How Brown can save California

It's crazy to say that solving a $28 billion budget shortfall is easy, but a few basic changes could go a very long way to balancing the books


EDITORIAL There are two things Gov. Jerry Brown has to do to get California back on track, and he needs to start right away. He has to restore at least a degree of public faith in state government — and he has to put a series of tax increases on the June ballot.

The first step ought to be right in the Brown playbook. The public is fed up with the secrecy, lies, machinations, and policy failures of the Schwarzenegger administration, and Brown can start off by telling people the truth. The budget situation is frightening; it can't all be solved by cuts without destroying the state of California as we know it. But it also requires an understanding that the taxpayers don't want to see their money wasted.

Brown has done the right thing by offering to cut his own staff by 25 percent and by denouncing the demands of the highest-paid University of California staffers who want even larger pensions. He might also take a look at some of the outmoded, expensive commissions in the state (do we really need a 21-member California Film Commission?) None of these are big money-savers, and none address the budget crisis in any meaningful way. But they'll show that Brown's cautious with a buck.

Then he needs to tell the voters that the state does, indeed, have a revenue problem, not just a spending problem. And he should start right away with a blue-ribbon panel of tax experts to look at what reforms ought to go on the June ballot.

It's crazy to say that solving a $28 billion budget shortfall is easy, but a few basic changes could go a very long way to balancing the books. If the voters approve an oil severance tax (something every other oil-producing state in the nation has), an end to the commercial property loophole in Prop. 13, and the restoration of the vehicle license fee that Arnold Schwarzenegger abolished, the state would be about $10 billion richer. A modest increase in the income tax on the very richest Californians would add a few billion more. And suddenly the problem wouldn't look so insurmountable.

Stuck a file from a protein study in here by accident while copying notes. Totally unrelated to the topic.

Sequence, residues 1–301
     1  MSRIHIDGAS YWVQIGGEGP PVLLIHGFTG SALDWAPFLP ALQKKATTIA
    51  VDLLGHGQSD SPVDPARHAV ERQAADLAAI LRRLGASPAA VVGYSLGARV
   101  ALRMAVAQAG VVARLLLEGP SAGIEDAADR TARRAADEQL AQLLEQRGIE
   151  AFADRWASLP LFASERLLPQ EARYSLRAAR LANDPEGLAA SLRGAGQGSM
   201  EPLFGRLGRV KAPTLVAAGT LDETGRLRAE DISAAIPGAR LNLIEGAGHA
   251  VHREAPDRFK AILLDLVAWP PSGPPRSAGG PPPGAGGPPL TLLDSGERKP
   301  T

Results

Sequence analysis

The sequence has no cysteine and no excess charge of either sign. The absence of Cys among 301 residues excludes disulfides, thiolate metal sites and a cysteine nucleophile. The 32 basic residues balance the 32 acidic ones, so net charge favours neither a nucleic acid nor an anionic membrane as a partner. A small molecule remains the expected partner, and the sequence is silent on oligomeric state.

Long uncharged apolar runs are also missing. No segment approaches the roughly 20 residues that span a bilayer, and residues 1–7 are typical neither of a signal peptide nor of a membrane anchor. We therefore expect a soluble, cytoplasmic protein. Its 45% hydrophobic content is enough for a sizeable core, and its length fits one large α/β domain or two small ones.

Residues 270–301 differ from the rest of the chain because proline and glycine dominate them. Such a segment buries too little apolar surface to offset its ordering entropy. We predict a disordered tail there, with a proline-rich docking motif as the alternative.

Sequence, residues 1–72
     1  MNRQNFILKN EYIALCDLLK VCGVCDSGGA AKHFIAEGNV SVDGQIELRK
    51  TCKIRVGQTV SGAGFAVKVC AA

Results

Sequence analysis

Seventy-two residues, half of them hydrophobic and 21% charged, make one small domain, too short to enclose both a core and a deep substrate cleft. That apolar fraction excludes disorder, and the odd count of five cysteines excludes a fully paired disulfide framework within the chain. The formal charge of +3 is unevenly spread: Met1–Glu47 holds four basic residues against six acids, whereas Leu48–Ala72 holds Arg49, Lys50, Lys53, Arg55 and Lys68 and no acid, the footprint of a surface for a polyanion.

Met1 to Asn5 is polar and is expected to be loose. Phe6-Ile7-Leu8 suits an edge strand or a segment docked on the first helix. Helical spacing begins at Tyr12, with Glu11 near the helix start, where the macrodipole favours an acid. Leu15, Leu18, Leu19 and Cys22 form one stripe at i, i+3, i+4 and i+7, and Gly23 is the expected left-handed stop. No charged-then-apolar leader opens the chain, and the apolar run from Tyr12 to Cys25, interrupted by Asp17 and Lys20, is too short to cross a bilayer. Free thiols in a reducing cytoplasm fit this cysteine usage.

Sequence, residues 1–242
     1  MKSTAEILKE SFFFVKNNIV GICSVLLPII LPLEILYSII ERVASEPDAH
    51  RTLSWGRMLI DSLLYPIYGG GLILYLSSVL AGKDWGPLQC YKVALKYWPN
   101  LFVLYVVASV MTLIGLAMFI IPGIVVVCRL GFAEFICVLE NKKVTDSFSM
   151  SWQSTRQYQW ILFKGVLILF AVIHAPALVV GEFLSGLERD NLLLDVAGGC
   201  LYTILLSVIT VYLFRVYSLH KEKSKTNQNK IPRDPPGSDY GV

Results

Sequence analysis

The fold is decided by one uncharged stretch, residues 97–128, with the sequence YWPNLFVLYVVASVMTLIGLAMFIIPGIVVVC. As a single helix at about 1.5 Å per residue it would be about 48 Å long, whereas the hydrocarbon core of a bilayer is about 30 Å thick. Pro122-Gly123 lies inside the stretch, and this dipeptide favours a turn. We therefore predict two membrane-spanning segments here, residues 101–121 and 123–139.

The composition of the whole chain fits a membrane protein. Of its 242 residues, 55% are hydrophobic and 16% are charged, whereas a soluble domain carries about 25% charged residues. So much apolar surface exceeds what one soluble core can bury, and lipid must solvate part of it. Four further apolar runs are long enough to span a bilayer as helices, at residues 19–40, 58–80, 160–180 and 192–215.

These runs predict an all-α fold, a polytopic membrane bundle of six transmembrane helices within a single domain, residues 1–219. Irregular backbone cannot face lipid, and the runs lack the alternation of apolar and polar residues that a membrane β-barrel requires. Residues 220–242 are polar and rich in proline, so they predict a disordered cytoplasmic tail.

Brown has an advantage: he's taking over for a terribly unpopular governor. He will be able to work with a Legislature that now has the ability to pass a budget with a simple majority. And while his victory in November was hardly a landslide, it was substantial enough that he's got a valid mandate for change.

He and the legislative leaders should adopt a budget that includes the expected revenue from a June tax package — and then offer an alternative budget that doesn't. Give the voters a clear choice. Do they want to eliminate hundreds of public schools, raise elementary school class sizes to 40, shut down a couple of University of California campuses, shutter the state parks, and let 30,000 prisoners go free? Of do they want the oil companies and the richest Californians to pay a little bit more to keep the state functioning?

Brown can make history this spring. The passage of Prop. 13, during his last term as governor, set off a nationwide tax-cutting frenzy that's damaged the entire country. By pushing back just a little bit, and demanding a little bit of tax fairness, he can demonstrate that California is still a leader in progressive public policy.

He'll have to put his political capital, his credibility, and all the money he can raise behind the effort. If he doesn't, his administration, and the state, will be a total failure.

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